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Social Proof: The Ultimate Tool to Increasing Conversion Rates

By Lydia Barley

It’s no secret that consumers trust the opinions of others more than they trust advertising campaigns. This can cause frustration amongst marketers whose efforts just can’t match those of a fellow consumers opinion. What if I told you there is a way to utilise consumer opinions in your marketing efforts that can build trust and in turn drive conversions on your website? Intrigued right? Well the key to do so is social proof.

Social proof is a highly influential selling tool that is increasing in importance for business owners who want to break down the consumer’s protective barrier and be trusted. While social proof can be applied in many different situations, this article will discuss the implementation of social proof on your website.

What is social proof?

So what exactly is social proofing? Well, here’s how Wikipedia defines social proof:

‘Social proof (also known as informational social influence) is a psychological and social phenomenon where people assume the actions of others in an attempt to reflect correct behaviour in a given situation.’

So, in simpler terms social proof is the idea that consumers will adapt their behaviour according to what other people are doing. For example, if everyone immediately ran out of your building screaming and running, you’d scream and run too right?

In marketing, social proof builds trust, adds credibility and helps validate the buying decision.

Different forms of social proof

When you’re browsing a landing page and you see a testimonial, that’s social proof. When you’re debating whether to purchase a product or not and a pop up appears with positive reviews on the product, that’s social proof. When you land on a website and are told that 563 other people are looking at that website, that’s social proof. At some point in your life, you’ve come across social proof in one form or another.

Different forms of social proof achieve different results and therefore different forms of social proof should be used in different situations. Pick the form that you believe best suits your scenario and regularly test alternatives to ensure you are using the most effective form. Four popular forms of social proof are discussed below.

  1. Case studies

A case study is an in-depth analysis of the product or service that has been provided to a customer. Case studies typically address the entire customer experience; from the customers original problem, through to how the business provided a solution to that problem.

  1. Testimonials

A testimonial is a simple, short-form recommendation that is made by a happy customer. A testimonial does not usually discuss specific product or service features, instead they usually discuss the experience as a whole.


  1. Reviews

A review is an evaluation of a product or service. Typically, they are more objective than testimonials and discuss specific product details rather than the overall purchase experience.


  1. Data

Data refers to the facts and statistics that are collected on a particular element, whether that be the business itself, a product or a service.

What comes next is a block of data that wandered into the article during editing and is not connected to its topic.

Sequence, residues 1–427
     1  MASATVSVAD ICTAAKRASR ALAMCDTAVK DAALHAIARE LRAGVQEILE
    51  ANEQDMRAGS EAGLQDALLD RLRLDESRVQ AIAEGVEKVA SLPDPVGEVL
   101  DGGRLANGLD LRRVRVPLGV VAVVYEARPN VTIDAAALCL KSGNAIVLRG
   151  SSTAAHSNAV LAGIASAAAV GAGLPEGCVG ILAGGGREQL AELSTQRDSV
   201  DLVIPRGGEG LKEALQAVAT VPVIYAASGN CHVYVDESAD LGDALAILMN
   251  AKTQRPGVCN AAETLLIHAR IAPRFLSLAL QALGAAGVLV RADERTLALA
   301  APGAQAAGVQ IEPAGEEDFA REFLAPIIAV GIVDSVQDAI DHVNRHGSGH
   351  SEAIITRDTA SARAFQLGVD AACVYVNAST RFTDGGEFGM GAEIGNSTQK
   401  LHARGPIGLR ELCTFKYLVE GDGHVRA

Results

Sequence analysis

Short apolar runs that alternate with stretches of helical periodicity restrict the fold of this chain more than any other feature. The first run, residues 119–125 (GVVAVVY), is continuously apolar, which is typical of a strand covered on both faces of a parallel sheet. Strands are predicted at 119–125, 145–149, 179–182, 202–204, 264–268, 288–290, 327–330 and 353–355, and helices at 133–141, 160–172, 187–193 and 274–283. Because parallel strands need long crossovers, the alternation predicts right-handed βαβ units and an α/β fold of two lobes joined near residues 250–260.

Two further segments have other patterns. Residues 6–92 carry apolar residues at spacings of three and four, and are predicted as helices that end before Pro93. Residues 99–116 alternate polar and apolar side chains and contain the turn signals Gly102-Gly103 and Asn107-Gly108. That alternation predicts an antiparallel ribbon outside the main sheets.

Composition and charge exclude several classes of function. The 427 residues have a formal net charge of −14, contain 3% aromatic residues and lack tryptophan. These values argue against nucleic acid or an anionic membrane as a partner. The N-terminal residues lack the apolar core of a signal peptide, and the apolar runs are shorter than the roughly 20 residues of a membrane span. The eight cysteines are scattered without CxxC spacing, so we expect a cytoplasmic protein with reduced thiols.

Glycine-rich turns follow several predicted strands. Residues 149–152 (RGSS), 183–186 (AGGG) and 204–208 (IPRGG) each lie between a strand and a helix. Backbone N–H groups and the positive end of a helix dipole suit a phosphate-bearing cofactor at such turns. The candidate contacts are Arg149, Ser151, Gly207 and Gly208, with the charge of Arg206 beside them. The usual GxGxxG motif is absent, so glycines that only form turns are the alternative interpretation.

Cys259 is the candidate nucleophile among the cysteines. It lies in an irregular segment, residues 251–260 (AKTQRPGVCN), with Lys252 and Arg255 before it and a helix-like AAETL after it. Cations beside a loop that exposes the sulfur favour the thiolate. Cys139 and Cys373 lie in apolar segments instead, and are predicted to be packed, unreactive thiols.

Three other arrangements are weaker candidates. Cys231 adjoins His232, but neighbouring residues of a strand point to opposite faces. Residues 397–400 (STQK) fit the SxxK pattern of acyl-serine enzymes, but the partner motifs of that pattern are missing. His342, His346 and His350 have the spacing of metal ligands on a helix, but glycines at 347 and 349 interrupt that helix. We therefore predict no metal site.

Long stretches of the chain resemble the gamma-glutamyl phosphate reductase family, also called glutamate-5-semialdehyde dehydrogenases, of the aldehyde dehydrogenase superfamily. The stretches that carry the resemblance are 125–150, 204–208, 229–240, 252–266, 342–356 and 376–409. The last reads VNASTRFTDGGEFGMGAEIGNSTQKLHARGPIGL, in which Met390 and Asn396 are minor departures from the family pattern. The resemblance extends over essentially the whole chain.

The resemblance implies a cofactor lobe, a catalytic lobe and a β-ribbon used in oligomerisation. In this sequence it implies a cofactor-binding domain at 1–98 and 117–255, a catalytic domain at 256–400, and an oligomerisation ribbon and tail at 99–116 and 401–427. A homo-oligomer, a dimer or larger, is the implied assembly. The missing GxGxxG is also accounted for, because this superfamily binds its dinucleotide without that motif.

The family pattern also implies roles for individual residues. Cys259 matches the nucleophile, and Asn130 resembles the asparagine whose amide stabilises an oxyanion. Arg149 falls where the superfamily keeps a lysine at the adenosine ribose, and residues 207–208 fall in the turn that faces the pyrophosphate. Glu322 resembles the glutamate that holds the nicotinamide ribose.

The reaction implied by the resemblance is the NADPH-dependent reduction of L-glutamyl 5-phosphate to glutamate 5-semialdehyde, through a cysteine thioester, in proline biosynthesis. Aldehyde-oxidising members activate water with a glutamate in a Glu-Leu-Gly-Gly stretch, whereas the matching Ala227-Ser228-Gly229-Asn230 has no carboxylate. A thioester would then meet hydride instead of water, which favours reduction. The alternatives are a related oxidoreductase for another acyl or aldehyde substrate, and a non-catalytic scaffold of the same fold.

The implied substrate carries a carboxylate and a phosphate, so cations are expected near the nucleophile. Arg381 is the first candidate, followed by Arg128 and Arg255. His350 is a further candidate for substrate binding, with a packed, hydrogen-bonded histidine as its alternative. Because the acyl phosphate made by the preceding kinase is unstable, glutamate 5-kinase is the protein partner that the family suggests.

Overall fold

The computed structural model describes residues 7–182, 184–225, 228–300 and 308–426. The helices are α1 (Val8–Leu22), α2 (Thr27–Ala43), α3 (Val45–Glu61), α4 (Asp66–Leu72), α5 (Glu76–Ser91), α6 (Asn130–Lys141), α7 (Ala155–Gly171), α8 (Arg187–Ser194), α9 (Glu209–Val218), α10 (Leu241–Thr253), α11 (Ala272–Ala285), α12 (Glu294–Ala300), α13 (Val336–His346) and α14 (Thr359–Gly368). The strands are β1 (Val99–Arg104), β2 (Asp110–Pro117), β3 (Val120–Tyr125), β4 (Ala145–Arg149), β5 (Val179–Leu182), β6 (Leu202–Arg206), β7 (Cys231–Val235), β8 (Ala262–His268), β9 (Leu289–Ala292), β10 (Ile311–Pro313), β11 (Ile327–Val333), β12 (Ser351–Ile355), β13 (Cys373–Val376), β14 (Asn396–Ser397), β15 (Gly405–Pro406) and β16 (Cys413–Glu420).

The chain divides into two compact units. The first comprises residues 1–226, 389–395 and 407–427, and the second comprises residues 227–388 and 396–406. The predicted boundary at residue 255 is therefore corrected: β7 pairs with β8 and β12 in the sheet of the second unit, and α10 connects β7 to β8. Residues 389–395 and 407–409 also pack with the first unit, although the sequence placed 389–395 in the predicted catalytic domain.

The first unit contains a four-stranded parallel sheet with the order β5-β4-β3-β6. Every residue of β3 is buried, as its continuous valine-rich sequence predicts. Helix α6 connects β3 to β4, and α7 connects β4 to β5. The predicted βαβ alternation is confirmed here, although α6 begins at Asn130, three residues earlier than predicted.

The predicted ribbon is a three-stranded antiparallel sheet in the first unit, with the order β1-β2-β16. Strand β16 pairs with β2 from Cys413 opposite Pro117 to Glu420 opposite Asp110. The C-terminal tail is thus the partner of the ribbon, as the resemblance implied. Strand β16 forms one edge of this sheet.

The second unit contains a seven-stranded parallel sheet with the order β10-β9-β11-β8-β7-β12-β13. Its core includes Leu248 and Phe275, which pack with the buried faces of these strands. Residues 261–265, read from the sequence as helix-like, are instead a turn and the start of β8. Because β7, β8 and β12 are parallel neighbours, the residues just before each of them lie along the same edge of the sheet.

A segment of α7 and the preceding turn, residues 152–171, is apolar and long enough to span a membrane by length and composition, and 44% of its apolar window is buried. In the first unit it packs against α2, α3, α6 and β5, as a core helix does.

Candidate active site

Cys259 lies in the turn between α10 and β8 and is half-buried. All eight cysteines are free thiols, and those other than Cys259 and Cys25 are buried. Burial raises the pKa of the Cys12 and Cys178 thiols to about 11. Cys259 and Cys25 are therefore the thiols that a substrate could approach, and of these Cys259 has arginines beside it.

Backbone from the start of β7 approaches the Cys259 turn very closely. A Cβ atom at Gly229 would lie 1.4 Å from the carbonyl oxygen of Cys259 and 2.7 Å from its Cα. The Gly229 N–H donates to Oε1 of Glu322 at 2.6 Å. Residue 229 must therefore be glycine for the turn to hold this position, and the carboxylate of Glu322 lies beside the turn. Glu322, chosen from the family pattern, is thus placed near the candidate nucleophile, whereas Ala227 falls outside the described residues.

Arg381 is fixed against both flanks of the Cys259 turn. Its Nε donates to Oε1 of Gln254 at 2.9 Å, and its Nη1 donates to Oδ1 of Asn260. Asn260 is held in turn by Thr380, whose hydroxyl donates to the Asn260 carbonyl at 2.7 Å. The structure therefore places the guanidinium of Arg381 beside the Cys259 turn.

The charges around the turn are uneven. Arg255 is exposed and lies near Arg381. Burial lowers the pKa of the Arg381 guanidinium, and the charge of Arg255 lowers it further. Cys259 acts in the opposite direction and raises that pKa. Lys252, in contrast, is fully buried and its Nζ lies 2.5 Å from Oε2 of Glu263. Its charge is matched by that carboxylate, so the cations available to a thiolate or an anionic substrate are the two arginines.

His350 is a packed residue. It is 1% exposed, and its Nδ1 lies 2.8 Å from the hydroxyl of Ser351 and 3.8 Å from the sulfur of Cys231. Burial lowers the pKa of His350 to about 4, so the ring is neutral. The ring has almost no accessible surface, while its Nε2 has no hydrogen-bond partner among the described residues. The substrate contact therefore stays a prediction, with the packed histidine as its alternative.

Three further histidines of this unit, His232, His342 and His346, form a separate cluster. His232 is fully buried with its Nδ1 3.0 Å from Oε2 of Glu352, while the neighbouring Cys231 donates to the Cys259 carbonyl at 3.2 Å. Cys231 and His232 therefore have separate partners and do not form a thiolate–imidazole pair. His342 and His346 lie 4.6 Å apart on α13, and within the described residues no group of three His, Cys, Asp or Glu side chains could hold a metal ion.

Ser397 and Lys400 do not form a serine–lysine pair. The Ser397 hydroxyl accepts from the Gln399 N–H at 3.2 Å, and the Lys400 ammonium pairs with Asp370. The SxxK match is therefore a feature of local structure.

Social Proofing Tips

  1. Share positive experiences only– This one may seem obvious, but make sure to use positive customer experiences on your website. After all you are trying to convert potential customers not put them off. Sharing negative customer experiences on your website will scare potential customers away!
  1. Place social proof near your CTA buttons– The strategic placement of your social proof, near your call to action buttons, can increase conversions. As mentioned previously, social proof can enhance the level of trust that the customer has in you. And, an increased sense of trust makes potential customers more likely to press your CTA buttons. Attached below is an example where software company Sisense have placed a testimonial next to their CTA button.


  1. Make it look real– Humanizing your marketing, makes it more trustworthy. Which makes sense. Which review would you trust more; one that came from ‘anonymous’ or one that came from ‘John Smith from ABC co. who has a profile picture of him and his cat’. People trust other people more than they trust brands so provide as much user detail as possible to your social proof. Even if your social proof is real, leaving each user anonymous can leave visitors to believe that it is fake. The more you can include about the customer the better, include; user photos, user name, company names or links to their social media pages.
  1. Combine different types of social proof– If it is relevant to do so and you have the data to do so, combine different types of social proof. Doing so can further enhance the effectiveness of your social proof. For example, combine data with testimonials, by doing so you say ‘not only have this number of people bought our product or service, but here’s how much they love it’.


Social proof is a highly influential selling tool that, if implemented successfully, can build trust, add credibility and help validate the buying decision for a consumer. If you are looking at increasing your conversion rates with social proof ensure you follow our tips and continuously test, changing the position and form of your social proof, to find a combination that works for you


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